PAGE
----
Inspection Before the Ride
Before you get on your bike to take a ride, particularly a long ride, it's important to give a quick look to check that all bike parts are tight, well adjusted, and working properly. Assuming you don't find any problems, this inspection should take no more than a few minutes. Any problems you find, though, should be tended to immediately. The following is a discussion of things to check.
Check the frame. Most frames are strong enough to easily handle normal riding. But, if you have a mountain bike and take it off-road a lot, you should check the frame closely for cracks and dents before (and after) you take it out on the trails.
Check quick-releases. Depending on your bike, you may have quick-release levers on the seat tube or front and back wheel hub. Make sure these are locked and secured tightly.
Check seat. Seat tilt should be in the correct position and fastened tightly. It can come loose from hard riding, particularly off-road.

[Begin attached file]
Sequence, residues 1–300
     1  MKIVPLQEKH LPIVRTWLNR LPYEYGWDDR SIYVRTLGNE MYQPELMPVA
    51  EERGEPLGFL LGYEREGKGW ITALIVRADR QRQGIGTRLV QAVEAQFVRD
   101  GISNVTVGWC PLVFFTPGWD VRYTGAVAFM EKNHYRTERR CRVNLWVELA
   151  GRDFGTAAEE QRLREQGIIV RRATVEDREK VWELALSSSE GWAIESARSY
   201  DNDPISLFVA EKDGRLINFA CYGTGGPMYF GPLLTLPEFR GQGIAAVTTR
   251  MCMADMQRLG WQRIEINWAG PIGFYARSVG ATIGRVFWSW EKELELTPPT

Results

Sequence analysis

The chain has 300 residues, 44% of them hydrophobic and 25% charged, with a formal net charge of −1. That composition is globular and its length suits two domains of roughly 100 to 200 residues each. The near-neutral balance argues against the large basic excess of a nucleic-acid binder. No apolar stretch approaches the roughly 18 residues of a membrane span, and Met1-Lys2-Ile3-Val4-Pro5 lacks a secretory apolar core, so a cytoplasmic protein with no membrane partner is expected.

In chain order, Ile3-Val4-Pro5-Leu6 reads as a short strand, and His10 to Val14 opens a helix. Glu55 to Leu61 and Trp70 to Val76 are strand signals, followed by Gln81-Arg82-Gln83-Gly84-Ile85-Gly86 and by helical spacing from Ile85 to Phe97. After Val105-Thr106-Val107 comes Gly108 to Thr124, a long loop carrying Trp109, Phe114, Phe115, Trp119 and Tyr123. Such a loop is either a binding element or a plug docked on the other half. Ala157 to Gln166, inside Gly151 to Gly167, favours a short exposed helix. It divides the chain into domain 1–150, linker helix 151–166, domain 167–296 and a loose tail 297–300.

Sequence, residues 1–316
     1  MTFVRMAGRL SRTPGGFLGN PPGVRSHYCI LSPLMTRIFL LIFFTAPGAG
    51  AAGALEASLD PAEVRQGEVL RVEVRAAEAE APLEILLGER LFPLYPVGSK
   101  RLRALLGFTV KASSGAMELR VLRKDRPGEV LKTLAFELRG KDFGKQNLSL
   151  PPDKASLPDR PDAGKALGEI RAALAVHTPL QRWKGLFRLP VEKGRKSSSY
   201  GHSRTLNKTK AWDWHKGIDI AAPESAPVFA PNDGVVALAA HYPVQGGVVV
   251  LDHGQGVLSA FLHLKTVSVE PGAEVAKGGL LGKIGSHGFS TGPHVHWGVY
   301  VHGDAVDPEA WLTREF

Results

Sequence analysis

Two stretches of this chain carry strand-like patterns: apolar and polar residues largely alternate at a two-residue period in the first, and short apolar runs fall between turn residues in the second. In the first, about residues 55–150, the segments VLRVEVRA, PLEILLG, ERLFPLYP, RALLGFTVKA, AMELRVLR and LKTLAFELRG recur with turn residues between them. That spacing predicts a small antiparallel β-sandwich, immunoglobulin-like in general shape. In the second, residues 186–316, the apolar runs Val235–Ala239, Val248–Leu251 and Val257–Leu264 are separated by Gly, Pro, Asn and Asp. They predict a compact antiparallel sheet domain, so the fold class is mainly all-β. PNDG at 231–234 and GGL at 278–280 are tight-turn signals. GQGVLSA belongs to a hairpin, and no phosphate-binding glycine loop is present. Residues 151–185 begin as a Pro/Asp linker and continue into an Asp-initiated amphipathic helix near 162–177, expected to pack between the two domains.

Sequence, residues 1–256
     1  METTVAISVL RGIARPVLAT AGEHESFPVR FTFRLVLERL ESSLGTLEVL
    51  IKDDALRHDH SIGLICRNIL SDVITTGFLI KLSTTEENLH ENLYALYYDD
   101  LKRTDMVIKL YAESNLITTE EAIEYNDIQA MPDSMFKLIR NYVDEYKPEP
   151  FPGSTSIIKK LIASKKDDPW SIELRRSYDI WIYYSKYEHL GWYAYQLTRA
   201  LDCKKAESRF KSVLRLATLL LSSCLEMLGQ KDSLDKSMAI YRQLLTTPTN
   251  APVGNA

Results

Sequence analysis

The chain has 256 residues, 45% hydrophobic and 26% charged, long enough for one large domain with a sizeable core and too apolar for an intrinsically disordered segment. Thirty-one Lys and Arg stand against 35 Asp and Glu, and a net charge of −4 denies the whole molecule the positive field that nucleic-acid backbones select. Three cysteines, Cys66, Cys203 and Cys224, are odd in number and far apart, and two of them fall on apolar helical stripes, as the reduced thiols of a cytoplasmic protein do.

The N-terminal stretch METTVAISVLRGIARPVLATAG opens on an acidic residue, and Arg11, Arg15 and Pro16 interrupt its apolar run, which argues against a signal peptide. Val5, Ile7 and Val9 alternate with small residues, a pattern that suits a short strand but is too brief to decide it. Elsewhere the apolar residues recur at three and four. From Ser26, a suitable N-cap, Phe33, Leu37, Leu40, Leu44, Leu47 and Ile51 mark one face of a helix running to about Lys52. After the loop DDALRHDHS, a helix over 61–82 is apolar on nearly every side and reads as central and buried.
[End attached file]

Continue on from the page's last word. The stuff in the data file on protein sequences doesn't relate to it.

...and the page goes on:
Check tires. Tires should be properly inflated to the recommended pressure, which is usually written on the side of each tire. Use a tire gauge to measure the air pressure. If necessary, inflate the tires with an air pump. Also, check the surface of the tires for worn-down tread or cuts.
Check wheels. Spin each wheel to see that it is properly centered in the frame and completely flat (called true). If the wheels look wobbly when they spin, they may need to be trued (or the hub bearings may need adjustment). Also, try to move the wheels side to side with your hand to make sure that they are secure and don't touch the brake pads. In addition, make sure the spokes are tight by moderately plucking them.
Check brakes. Squeeze each brake lever independently as you push the bike forward. The levers should activate the brake pads to press securely around the wheel rim and stop the wheels completely. Check that the pads are not worn down and also make sure the rims are clean and dent free.
Check the cables. Inspect the entire length of brake and derailleur cables for any breaks or loosening, particularly at the mounting points.
Check the crankset. Both the pedal screws and the chainwheel bolts tend to come loose over time. Feel for play in these areas.
Check the headset and forks. The headset should be sturdy and tight, but turn smoothly. Make sure headset bearings do not rattle. If you have a mountain bike with suspension forks, check that all fork bolts are secure. Push down on the handlebars to test whether the suspension works properly.